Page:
Just off Dixie Highway in Oakland Park, neighborhood kids ride their bikes or play hopscotch in the city’s Art Park, a budding local space for outdoor art installations. Now a new mural from international artist Elio Mercado – aka EVOCA1 – pays homage to the city’s generations of children, as part of the county-wide VisualEYES mural series honoring Broward County’s centennial anniversary.
In the new mural titled “Hometown Choice,” just beyond a child’s hand cradling an oak sapling, you see the sepia-tinted columns of the historic Oakland Park Elementary, the county’s oldest school still in operation. Opened 90 years ago in 1926, the school served 200 children living in the then nascent farming town of Florinada. Throughout the years, the building’s Spanish stucco walls served as a hurricane shelter (still is today), a political debate hall, and a community center – providing insight into a broader world for generations of children.
The mural also holds a secret ode to today’s kids, with fingerprints underneath the painting’s border. Grade school students from Oakland Park’s after-school program joined in during the painting process, plastering rainbow-colored hand-prints along the border, as high as they could reach.
“Some of the kids didn’t believe they could paint on the wall. ‘Like really, I won’t get in trouble’?” remembers Mercado. “But when they got that it was alright, they really just went for it.”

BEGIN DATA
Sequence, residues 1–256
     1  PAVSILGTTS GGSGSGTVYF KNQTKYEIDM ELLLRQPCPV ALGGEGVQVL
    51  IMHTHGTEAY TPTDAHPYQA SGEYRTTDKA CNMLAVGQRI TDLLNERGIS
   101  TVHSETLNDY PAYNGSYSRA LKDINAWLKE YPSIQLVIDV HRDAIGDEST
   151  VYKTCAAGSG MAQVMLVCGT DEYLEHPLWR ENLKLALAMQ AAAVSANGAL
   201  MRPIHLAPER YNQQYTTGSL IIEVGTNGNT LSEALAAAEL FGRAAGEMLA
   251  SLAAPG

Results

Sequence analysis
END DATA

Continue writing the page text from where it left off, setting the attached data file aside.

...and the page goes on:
This mural is a natural fit for Mercado, known for his sensitive portrayal of children in massive urban murals from Berlin to Mexico, often highlighting the global inequity and violence that so disproportionately affects society’s youngest. In EVOCA1’s painterly world, danger lurks at the edges, whether it’s a Civil War drummer boy going off to battle in the Richmond, Virginia mural “Glory,” or a languid girl leaning against a muzzled, massive Doberman in the St. Petersburg mural “Through the Perils of our Youth.”
But here, in this quiet corner, the children are safe. As Mercado put on the final touches to the mural, his toddler son cuddled by his knees, begging to be lifted higher for a closer look. Here in the Art Park, kids can be kids. They can look at things closely, point and touch all they want. They can ask questions; get their hands dirty with paint and dreams of the world waiting for them.